showing neither a Charge nor Discharge as long as the Alternator is working correctly and providing sufficient electrical power to run the vehicle and all accessories. I based these diagrams from 1981 and later wiring diagrams. Unfortunately, I am not sure where 1980 and earlier models placed the vehicle load in relation to the Ammeter-perhaps someone can clue me in.

Next let's look at what happens if too much of a load is put on the alternator. Remember the Offroad lights from before? Suppose we added six of them instead of just two. Since two was 300 Watts, six will be 900 Watts.

The math: Current= 900 (Watts) / 12 (Volts) ; Current=75 Amps.

Resistance=Voltage/Current ; Resistance= 12 (Volts)/ 75 (Amps) ; Resistance= .16 Ohms.

(Note again that I used the [email protected] volts for the calculations, not the actual battery voltage)

I started to do the math for the diagram above, but it was deeper than I wanted to get into here. In short, the Alternator is going to provide it's full 60 Amps. The remaining Current (Amps) will come from the Battery, so the Ammeter will show a Discharge. If you run the lights too long, the battery will run out of "juice", the overall voltage will drop, the lights will begin to dim...if the lights aren't turned off, either something in the charging system will "fry" or the lights will continue to pull the voltage down until the ignition cannot function or both...

From reading posts on the forum, then looking at my wiring diagrams, I noticed there were two different Ammeter types used on our Dodge RCs and Trucks--Internal Shunt and External Shunt. The diagrams from my Haynes show that 1980 and earlier were Internal and 1981 and later were External. Thanks to boba for bringing this to our attention!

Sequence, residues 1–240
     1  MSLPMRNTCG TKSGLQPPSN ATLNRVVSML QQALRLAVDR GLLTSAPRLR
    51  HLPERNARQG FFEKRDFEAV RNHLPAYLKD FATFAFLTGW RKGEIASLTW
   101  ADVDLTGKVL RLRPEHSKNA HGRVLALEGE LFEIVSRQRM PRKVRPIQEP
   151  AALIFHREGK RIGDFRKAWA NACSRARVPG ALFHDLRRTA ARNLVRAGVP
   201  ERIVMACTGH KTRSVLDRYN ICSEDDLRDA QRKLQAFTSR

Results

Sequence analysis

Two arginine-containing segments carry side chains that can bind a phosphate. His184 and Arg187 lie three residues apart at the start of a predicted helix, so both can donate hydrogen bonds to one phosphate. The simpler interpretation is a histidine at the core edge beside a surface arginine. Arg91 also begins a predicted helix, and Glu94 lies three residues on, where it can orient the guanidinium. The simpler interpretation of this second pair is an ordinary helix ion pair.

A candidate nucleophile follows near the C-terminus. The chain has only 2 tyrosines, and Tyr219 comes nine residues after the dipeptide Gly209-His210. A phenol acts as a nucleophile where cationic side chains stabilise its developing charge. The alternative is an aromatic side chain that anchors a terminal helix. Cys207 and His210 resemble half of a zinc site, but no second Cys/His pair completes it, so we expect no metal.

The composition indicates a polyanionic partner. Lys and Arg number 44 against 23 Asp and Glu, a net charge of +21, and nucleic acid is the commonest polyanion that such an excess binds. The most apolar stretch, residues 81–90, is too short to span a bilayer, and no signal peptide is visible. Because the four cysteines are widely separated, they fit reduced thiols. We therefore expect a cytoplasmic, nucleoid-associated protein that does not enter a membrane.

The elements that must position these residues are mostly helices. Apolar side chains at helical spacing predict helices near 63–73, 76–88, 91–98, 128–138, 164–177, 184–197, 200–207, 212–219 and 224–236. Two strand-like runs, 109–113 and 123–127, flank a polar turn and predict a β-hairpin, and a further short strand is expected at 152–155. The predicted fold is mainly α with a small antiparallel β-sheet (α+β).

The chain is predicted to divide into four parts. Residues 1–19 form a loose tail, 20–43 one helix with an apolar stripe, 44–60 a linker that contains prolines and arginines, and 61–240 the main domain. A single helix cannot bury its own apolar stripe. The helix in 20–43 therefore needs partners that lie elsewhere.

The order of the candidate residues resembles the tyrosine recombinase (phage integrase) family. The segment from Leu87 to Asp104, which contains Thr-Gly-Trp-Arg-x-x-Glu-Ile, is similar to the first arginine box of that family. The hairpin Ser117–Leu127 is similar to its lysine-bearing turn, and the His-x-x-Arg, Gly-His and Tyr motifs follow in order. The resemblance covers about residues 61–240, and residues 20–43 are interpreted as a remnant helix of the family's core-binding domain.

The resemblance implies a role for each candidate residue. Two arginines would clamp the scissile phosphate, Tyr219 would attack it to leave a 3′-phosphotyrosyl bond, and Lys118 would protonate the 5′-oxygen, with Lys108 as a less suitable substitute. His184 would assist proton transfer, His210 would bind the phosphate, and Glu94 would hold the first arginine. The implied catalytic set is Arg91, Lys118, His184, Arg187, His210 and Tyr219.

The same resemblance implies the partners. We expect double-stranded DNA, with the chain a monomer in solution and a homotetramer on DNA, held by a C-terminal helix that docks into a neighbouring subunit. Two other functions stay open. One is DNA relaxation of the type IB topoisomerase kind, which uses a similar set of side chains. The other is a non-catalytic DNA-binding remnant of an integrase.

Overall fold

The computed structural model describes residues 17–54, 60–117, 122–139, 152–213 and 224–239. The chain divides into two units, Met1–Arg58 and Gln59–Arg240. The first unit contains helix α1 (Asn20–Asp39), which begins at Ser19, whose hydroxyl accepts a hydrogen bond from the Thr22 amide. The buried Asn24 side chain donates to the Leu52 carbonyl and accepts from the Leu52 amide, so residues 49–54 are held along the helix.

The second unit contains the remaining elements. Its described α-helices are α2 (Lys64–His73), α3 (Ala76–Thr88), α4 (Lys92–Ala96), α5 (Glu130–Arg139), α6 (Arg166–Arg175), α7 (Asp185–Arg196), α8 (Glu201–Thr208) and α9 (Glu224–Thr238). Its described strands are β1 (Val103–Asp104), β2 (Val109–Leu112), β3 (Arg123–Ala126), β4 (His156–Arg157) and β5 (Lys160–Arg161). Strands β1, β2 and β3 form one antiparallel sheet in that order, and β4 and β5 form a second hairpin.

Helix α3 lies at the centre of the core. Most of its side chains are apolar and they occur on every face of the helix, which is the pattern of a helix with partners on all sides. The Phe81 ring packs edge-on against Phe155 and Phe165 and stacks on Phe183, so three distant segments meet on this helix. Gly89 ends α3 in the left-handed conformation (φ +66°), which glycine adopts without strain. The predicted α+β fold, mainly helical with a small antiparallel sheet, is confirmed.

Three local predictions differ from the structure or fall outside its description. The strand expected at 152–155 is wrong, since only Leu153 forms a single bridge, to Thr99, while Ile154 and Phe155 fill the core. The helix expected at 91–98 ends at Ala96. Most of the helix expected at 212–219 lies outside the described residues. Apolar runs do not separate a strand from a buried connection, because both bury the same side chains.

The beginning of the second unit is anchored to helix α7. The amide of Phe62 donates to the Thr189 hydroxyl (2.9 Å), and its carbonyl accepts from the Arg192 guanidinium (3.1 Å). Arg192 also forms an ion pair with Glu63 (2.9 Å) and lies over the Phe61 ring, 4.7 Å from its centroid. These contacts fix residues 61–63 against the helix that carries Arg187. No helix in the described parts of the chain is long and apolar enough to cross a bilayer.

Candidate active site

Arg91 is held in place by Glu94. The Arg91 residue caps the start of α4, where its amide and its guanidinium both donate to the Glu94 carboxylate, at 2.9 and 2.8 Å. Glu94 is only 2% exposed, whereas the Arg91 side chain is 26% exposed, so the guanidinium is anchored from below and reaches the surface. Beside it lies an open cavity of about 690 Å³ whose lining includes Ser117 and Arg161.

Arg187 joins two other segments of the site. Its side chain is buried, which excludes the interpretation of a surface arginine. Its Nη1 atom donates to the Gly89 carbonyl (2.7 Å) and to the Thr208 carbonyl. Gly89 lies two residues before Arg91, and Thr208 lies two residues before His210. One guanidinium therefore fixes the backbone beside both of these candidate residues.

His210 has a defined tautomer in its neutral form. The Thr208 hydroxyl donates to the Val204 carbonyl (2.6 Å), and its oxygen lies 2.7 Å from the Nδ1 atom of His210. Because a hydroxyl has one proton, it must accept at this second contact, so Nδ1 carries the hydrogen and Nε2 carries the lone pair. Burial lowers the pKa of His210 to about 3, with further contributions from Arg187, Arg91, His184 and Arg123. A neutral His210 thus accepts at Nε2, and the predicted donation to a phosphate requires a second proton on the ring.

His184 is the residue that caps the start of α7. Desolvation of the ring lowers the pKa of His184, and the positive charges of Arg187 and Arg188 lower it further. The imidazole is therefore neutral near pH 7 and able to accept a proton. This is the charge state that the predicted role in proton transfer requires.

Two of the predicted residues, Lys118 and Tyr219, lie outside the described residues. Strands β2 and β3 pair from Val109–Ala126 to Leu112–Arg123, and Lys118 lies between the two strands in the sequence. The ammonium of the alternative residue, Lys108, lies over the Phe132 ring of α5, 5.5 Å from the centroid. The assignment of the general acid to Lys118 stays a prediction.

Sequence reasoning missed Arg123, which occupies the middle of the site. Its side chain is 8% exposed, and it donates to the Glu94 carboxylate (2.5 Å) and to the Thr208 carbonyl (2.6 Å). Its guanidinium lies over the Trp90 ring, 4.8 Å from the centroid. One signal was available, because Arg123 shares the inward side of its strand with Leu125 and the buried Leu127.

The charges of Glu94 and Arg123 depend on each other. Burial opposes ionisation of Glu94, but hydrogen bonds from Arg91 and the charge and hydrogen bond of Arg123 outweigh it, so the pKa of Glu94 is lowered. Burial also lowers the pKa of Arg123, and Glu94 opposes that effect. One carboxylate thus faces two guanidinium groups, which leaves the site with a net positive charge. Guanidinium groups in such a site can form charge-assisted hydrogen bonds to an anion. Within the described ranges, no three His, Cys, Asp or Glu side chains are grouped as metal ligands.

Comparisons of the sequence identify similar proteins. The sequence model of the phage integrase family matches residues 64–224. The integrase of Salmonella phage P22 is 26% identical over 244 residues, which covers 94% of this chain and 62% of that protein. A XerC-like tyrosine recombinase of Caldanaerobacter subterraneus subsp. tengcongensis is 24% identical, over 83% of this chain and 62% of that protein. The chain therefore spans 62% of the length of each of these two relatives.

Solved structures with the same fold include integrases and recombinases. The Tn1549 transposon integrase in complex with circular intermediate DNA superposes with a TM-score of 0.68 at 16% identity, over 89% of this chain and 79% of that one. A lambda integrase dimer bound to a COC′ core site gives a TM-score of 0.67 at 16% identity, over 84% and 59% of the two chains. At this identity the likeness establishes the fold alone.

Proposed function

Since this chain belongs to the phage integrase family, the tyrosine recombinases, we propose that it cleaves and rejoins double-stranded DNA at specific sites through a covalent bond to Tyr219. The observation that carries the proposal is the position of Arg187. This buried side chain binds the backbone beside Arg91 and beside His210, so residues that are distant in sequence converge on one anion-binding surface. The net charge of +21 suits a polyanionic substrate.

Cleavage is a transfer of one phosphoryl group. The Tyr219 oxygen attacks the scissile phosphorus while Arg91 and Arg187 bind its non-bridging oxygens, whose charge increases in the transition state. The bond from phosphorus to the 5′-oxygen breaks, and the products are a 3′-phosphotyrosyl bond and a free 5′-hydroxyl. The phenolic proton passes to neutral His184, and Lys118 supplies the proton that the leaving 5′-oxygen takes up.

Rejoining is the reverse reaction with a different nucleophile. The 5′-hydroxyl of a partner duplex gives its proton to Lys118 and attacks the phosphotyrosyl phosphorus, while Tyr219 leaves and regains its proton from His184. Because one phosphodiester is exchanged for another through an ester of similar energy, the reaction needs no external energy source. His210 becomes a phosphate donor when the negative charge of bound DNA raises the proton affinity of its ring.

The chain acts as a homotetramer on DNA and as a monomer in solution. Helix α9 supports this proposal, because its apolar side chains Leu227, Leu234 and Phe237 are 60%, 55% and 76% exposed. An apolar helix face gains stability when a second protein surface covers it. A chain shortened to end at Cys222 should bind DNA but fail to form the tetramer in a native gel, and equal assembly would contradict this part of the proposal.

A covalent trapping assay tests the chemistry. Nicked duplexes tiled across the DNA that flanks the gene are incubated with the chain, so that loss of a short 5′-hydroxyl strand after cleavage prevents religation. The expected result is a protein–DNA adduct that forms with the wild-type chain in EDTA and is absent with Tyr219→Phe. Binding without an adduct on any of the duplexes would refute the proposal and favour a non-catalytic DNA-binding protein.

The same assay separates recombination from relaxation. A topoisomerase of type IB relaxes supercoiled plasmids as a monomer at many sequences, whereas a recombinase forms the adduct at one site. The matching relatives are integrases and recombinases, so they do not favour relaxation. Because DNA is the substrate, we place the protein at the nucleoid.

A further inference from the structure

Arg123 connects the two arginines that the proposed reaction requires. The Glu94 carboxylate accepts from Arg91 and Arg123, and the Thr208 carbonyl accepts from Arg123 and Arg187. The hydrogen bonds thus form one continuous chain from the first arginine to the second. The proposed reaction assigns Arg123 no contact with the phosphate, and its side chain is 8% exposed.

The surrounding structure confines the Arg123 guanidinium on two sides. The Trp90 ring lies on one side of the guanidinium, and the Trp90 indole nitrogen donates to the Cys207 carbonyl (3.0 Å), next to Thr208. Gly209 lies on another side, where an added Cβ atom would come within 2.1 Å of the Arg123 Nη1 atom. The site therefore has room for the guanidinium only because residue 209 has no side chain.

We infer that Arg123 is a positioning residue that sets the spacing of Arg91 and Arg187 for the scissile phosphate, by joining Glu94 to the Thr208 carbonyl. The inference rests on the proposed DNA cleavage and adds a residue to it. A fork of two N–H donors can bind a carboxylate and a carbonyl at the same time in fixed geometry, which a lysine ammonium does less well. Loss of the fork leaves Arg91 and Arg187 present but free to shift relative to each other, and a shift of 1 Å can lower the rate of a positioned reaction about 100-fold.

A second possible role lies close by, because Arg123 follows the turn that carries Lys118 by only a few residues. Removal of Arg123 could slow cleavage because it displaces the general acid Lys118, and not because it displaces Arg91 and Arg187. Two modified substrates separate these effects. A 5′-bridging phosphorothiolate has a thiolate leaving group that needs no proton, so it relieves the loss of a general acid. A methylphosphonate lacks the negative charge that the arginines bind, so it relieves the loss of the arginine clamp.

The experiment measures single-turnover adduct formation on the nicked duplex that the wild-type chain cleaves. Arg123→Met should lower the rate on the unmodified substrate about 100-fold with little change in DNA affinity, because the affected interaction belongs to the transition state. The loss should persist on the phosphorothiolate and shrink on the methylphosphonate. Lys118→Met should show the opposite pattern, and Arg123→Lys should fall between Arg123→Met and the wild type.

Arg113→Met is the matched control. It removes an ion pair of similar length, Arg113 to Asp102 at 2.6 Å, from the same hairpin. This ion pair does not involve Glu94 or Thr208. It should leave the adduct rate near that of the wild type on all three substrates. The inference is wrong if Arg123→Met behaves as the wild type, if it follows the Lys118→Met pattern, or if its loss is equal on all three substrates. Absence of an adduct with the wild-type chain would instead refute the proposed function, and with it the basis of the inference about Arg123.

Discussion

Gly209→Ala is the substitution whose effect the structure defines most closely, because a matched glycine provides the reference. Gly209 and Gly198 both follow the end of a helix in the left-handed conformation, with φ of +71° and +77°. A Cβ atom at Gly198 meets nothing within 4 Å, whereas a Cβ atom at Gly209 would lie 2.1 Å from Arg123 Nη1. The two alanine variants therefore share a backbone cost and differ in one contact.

Here are the differences.

1980 and prior years.

The main difference is where the Shunt is. In earlier models, they ran the charge circuit through the Ammeter-this literally put the entire charge current through the instrument cluster, which turned out to be a fire hazard as reported by some.

1981 and later years.

In later models, they used a section of the Charge wire as the Shunt and just ran the sense wires to the Instrument cluster.

Since a 101 Course wouldn't be complete without homework...figure this out. How would moving power connection for the offroad lights, both the 300 Watt and 900 Watt Versions, so they are connected directly to the battery affect the reading of the Ammeter?

I hope this makes sense and can even help someone understand how an ammeter works in conjuction with their charging system.

Hopefully I'll get some feedback that will make this a better answer to a FAQ.

Glenn